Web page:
This Wednesday will mark six weeks since my dad passed. There are still times that I can’t sleep at night, like tonight, or should I say this morning. I’ve been up since about 3am. My cats Socks and Shadow are still trying to adjust and Socks is having a harder time. I know I’m still adjusting too, but I feel like I’m so much better adjusted than I was after losing my mom. I credit a large part of that to the fact that my dad and I had many conversations about end of life and his wishes. I’ve gotten myself back to a normal routine for the most part and in part of trying to take better care of myself I get up in the morning to make breakfast and lunch so I’m not tempted to stop at a drive thru or order out. I’ve been cooking more dinners and I’m getting back to the gym. I still miss my dad terribly and I know that I always will, however, it’s nice to also be getting my life back.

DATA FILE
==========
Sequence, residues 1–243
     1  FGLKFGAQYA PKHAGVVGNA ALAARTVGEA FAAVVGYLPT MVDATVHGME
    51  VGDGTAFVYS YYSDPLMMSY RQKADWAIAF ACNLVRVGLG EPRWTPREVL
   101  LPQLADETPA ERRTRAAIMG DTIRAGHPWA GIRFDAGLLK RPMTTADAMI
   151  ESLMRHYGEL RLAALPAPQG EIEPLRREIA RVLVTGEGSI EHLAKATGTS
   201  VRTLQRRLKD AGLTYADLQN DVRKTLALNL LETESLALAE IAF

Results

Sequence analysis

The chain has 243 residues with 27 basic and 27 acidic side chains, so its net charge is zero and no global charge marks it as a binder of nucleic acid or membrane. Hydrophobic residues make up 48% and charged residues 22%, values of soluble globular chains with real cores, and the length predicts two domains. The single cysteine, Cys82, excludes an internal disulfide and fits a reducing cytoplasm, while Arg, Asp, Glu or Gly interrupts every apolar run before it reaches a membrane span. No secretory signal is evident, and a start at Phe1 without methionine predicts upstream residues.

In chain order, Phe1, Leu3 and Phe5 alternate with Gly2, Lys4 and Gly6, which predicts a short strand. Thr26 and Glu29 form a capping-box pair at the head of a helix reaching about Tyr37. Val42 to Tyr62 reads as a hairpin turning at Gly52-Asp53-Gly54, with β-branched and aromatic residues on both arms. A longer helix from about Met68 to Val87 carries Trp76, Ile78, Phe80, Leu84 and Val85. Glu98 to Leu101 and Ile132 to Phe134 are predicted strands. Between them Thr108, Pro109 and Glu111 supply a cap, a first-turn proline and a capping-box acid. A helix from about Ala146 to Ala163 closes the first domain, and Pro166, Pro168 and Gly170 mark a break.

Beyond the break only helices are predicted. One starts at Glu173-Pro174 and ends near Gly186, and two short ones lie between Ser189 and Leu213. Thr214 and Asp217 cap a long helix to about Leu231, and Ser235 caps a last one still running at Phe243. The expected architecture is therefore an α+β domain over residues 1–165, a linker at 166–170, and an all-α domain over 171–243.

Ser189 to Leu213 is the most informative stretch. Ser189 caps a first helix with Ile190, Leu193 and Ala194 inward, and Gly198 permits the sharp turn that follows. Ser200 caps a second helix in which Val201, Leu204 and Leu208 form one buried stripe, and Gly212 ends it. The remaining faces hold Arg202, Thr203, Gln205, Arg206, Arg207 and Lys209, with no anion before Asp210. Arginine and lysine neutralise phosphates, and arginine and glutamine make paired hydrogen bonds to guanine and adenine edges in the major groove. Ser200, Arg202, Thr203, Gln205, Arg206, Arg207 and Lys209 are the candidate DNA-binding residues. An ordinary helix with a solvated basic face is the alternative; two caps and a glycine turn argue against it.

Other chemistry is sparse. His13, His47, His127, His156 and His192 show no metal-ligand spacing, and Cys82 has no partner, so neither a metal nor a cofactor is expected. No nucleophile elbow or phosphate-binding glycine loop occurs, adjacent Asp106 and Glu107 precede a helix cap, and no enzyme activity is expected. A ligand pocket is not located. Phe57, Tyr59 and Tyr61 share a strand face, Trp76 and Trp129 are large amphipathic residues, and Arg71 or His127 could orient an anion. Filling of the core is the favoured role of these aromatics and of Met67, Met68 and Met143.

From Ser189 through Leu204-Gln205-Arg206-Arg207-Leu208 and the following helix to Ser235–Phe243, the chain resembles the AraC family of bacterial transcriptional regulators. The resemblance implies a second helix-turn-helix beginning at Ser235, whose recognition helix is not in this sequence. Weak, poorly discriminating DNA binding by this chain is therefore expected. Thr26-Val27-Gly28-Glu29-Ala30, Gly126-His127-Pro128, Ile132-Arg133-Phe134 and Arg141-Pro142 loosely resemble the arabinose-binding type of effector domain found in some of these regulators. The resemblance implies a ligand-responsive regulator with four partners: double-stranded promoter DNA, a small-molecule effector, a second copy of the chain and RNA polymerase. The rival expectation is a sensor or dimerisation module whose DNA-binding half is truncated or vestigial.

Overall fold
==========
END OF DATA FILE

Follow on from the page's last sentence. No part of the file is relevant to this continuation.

A huge chunk of my twenties was spent with dealing with the sudden loss of my mom at 23 and then my dad’s declining health. Getting to live my life for myself again is liberating. I’m looking forward to seeing where this year takes me. It feels like I have a world of possibilities now that I didn’t have before. Don’t get me wrong, I would do everything all over again with taking care of my dad. There’s no question about that, but for the first time in my life I’m truly on my own and I’m excited for the adventures that lie ahead. The two photos below are how I’m looking at this year. A week in and I’m still excited about all of the things to come. There are new incentives at work for making extra money, I’m doing the ShapeGoal40 with Shape and Jen Widerstrom, I’m planning my friend (sister from another mister) Katie’s baby shower, I’m going roller skating with Bri Tuesday nights, I’m planning on doing the Shape Half Marathon even if I have to power walk the whole thing, I’ll be going on Jen’s 2018 retreat, and am going to try to make it to Shape’s Body Shop this summer. This is the year I regain myself and my happiness.